OVERNIGHT ENERGY: Feds tally 2012’s extreme weather

NEWS BITES:

Joan Mulhern, attorney who fought for clean water, dies at 51

Joan Mulhern, an attorney with Earthjustice who was front and center in battles against “mountaintop removal” coal mining, died Tuesday at age 51.

Mulhern died at Georgetown University Hospital from complications from a long illness, the environmental group said.

She was veteran of battles to provide Clean Water Act protections for wetlands and streams, including campaigns to shield Appalachian waters from coal mining wastes.

Earthjustice’s Marty Hayden lauded Mulhern in a statement Wednesday.

“A fighter for the planet and for all people who suffered environmental injustice, Joan was a tireless advocate for the underdog in every situation, and she seldom if ever lost. She put her heart and soul into her work — which was driven by her fierce determination to defend the disadvantaged and protect those with less power — in a way few can,” writes Hayden, the group’s vice president for policy and legislation.

Administration lays out Alaskan oil reserve plan

The Interior Department announced Wednesday that it would open up more than half of the National Petroleum Reserve-Alaska for fossil-fuel development.

In all, 12 million of the reserve’s 23 million acres would be available for energy production. The remaining land would be fenced off for wildlife.

The plan also makes room for a pipeline that could bring offshore Arctic Ocean oil to the trans-Alaska pipeline, according to The Associated Press.

Sen. Lisa Murkowski (Alaska), the ranking Republican on the Senate Committee on Energy and Natural Resources, said she was concerned Interior’s plan might be too restrictive.

“I continue to be concerned that the management plan chosen by the administration greatly restricts access to our nation’s oil and natural-gas resources, especially in the eastern portion of the petroleum reserve,” she said in a Wednesday statement.

Study touts shale energy jobs

A new industry-backed study finds that developing oil and gas from shale rock and other “unconventional” sources is creating jobs in states that house energy production and even those that don’t.

The study by the consulting firm IHS finds that the development supports over 576,000 jobs in Texas, a number that’s slated to grow to over 929,000 in 2020.

In Pennsylvania, the industry supports nearly 103,000 jobs, a tally expected to more than double in 2020, according to IHS.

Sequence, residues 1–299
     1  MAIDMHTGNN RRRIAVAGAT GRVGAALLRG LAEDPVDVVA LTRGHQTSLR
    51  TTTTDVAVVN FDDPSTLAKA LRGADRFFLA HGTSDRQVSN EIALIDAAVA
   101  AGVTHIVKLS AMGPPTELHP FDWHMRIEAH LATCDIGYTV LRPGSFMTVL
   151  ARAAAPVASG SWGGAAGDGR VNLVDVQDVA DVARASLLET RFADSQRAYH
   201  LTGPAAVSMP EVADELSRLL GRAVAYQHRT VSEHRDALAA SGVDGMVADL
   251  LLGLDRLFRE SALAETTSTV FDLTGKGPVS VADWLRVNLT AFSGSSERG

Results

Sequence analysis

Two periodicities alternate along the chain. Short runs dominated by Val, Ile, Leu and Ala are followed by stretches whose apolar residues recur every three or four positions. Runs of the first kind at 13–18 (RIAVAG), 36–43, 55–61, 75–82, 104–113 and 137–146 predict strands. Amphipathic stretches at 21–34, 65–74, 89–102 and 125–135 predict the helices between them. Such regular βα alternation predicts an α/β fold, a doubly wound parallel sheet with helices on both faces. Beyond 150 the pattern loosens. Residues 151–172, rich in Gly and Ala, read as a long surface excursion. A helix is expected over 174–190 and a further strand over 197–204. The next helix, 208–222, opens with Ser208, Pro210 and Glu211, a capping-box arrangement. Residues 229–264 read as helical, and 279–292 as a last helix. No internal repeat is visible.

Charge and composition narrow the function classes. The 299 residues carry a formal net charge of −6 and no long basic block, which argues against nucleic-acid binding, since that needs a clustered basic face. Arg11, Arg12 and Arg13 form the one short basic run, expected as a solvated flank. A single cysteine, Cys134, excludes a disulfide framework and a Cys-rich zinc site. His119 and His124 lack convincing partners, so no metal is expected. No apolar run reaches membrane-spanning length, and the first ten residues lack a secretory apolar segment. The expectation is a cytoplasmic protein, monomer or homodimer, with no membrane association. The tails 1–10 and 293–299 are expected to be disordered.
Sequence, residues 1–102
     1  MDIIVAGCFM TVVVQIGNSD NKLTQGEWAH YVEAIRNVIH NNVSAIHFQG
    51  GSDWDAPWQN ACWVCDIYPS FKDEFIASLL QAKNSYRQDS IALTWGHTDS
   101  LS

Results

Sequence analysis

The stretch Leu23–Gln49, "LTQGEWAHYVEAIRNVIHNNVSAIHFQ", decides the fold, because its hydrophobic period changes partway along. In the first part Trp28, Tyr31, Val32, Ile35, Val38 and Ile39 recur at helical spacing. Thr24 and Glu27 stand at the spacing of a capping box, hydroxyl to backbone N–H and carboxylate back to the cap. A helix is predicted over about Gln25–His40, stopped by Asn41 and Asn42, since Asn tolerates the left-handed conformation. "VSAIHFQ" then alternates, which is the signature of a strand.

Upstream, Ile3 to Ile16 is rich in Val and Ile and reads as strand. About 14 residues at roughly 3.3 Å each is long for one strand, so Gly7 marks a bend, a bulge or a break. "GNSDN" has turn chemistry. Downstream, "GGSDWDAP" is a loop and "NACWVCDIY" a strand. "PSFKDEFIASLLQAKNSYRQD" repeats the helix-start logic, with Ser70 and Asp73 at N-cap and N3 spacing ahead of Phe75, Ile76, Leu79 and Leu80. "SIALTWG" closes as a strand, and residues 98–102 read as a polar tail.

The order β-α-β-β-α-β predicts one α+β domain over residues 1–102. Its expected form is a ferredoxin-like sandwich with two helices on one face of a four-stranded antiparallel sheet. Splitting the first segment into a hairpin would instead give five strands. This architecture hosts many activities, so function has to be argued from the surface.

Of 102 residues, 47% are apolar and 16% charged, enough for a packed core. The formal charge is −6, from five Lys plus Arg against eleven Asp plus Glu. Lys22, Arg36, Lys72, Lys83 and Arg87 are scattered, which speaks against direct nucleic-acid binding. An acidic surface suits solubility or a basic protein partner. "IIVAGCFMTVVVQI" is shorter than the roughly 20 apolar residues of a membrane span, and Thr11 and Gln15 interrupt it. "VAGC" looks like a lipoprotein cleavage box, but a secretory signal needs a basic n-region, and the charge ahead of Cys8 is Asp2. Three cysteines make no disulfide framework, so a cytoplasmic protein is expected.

Even in states without unconventional production, the industry is currently linked to over 474,000 jobs, the study states. From the study:

Less well-known are the economic benefits that accrue to non-producing states that lack oil and gas resources but nonetheless host firms that sell goods and services that are critical to the lengthy supply chain supporting unconventional oil and gas development. Among non-producing states, fabricated metal manufacturing in Illinois, software and information technology in Massachusetts, and financial services and insurance in Connecticut are examples of central players in the US unconventional oil and gas supply chain.

The American Petroleum Institute, the Institute for 21st Century Energy at the U.S. Chamber of Commerce, the American Chemistry Council, America’s Natural Gas Alliance and the Natural Gas Supply Association funded the IHS research.

Click here to read the whole study.

Senate Democrats float extreme-weather resiliency bill

A trio of Senate Democrats introduced a bill Wednesday designed to encourage interagency coordination on extreme-weather preparedness.

Democratic Sens. John Kerry (Mass.), Frank Lautenberg (N.J.) and Kirsten Gillibrand (N.Y.) co-sponsor the measure, called the Strengthening the Resiliency of Our Nation on the Ground (STRONG) Act.

It would call on the White House Office of Science and Technology Policy to head a panel that evaluates extreme-weather resiliency practices at federal agencies. The office would then develop resiliency plans to better assist states and localities and the private and public sectors.

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